Common health problems with Boxers

1 July 2024 - 4 min read
Image of a reddish-brown Boxer with its tongue out and eyes closed

Originally bred as hunting and working dogs, Boxers are energetic, friendly pups with a distinct appearance. They're known for their kindhearted nature and enthusiasm, and it's easy to see why they're so popular.

But like any pedigree, they're prone to certain health issues. Below, we discuss the most common health problems with Boxers, how vets diagnose them and how to care for one.

Most common Boxer health conditions

Image of a brown Boxer sat down and looking into the camera

Hip dysplasia

Dysplasia is very common in dogs, and hip dysplasia is one of the big Boxer health issues. It happens when some of the tissues around the hip joint loosen. This changes how the hip fits into the joint, leading to pain, inflammation and eventually arthritis.

There are a few ways to lower the risk, like avoiding obesity and overexercising, but the disorder is genetic in nature - sometimes, it's hard to avoid it, even with perfect conditions.

Symptoms begin between six months and a year old, with a mix of:

  • Hindlimb lameness

  • Stiffness

  • Problems jumping

  • Issues climbing stairs

Vets will usually prescribe a mix of anti-inflammatories, hydrotherapy and physiotherapy. But your Boxer may need surgery, like a total hip replacement.

Idiopathic epilepsy

Idiopathic epilepsy means epilepsy with no known cause. It commonly occurs in Boxers between six months and six years. Seizures are caused by abnormal activity in the brain and symptoms include:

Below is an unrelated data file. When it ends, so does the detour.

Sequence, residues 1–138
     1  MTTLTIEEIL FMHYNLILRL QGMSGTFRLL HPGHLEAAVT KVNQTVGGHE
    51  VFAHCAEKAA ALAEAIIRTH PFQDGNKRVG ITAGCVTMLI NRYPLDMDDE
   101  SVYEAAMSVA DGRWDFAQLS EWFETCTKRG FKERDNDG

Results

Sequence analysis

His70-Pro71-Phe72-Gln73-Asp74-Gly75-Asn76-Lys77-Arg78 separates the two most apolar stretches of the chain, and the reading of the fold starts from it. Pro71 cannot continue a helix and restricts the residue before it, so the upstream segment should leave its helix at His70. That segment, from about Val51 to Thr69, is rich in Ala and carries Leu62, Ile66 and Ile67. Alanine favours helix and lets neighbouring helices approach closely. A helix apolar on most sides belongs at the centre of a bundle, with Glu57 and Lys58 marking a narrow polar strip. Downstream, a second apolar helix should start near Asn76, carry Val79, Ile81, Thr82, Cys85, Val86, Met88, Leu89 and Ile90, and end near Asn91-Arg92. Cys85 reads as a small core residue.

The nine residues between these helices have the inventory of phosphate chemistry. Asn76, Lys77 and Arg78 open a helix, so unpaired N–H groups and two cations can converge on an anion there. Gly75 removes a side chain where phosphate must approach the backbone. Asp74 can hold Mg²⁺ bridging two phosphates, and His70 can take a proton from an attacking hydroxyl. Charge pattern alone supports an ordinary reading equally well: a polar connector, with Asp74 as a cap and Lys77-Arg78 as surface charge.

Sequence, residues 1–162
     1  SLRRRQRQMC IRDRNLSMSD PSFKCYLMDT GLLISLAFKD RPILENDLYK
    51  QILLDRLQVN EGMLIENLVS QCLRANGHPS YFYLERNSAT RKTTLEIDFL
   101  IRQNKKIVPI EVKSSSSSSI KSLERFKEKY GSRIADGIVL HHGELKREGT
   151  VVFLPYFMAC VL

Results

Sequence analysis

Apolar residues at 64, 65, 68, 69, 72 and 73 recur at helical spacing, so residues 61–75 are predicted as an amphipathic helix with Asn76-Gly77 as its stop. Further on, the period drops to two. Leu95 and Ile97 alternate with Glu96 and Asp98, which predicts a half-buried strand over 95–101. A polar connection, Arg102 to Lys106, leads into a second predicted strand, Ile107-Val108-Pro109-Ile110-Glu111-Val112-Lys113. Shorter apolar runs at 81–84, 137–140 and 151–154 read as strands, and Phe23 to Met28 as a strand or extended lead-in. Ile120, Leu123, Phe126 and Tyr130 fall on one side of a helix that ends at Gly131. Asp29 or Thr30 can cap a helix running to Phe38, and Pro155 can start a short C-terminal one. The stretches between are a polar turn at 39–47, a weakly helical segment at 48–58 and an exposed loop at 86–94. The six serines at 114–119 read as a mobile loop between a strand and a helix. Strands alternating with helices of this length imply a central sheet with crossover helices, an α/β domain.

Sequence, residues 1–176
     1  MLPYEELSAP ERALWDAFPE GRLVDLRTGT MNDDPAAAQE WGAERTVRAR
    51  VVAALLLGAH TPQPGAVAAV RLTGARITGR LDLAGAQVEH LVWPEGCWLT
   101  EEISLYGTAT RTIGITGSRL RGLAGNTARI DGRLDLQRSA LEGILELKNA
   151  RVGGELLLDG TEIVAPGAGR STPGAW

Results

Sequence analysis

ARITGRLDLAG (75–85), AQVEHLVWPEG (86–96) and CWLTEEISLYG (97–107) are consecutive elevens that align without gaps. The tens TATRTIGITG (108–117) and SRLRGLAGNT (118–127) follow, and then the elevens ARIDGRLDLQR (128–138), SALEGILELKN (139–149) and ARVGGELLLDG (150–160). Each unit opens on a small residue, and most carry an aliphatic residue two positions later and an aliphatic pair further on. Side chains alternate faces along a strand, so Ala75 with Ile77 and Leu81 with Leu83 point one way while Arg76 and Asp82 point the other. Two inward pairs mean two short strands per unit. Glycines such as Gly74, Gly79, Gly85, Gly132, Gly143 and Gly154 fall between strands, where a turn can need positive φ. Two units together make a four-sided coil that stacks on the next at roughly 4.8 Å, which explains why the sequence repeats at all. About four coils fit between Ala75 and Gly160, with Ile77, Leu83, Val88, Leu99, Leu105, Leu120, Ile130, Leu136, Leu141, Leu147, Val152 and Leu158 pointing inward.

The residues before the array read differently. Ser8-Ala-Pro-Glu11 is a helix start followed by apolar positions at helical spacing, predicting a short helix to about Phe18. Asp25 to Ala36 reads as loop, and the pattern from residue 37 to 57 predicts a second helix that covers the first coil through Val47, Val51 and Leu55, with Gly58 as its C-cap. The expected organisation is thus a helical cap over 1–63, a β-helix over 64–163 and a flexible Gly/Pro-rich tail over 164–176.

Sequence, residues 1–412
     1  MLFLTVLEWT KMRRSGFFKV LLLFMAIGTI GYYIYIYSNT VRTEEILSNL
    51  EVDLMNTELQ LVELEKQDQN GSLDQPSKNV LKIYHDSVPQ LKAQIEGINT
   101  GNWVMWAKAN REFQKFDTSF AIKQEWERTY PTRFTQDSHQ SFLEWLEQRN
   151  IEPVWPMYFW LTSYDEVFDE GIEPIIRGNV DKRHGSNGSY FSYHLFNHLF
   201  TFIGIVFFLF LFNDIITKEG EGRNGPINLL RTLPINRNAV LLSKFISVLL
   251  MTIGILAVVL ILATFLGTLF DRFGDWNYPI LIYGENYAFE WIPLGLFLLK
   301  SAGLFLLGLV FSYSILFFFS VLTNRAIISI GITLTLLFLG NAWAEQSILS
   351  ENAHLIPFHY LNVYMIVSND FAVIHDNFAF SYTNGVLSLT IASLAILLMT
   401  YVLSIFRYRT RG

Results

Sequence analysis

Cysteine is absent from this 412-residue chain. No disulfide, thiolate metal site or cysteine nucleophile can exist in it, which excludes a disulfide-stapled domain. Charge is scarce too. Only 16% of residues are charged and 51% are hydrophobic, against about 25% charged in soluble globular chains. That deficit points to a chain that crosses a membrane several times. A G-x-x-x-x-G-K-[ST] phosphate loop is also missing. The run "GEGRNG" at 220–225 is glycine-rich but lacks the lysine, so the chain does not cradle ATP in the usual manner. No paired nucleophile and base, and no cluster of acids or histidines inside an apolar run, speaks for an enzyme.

• Collapse

  • Tremors

  • Rigid or paddling limbs

  • Excessive salivation

  • Passing urine or faeces

Seizures can last seconds to several minutes.

Usually, dogs behave normally between seizures. Vets diagnose what causes the seizures by excluding causes like intracranial issues, toxicity and metabolic disorders.

Treatment is always lifelong and can involve one or more medications depending on the severity of a dog’s symptoms.

Brachycephalic Obstructive Airway Syndrome (BOAS)

BOAS tends to happen with dogs that have a short skull and noses, like Boxers. The small space leads to narrow nostrils, a long, narrow palate, and excessive tissue at the back of the throat, which all mix to lead to breathing problems.

BOAS causes noisy breathing or ‘snoring’ often exacerbated by exercise, difficulty exercising in hot weather, vomiting and regurgitation. In severe cases, it leads to collapse.

You can manage some symptoms, but many dogs will need surgery to help widen nostrils, shorten the palate and other fixes.

Boxers suffer from BOAS in varying degrees, depending on the conformation of the parents - but symptoms are not usually as severe as in other flat-faced breeds. Any dog with severe symptoms or who requires surgery shouldn't be bred.

You can prevent acute or sudden breathing difficulties by avoiding exercising your dog in hot weather and preventing them from becoming over-excited or stressed.

Skin fold dermatitis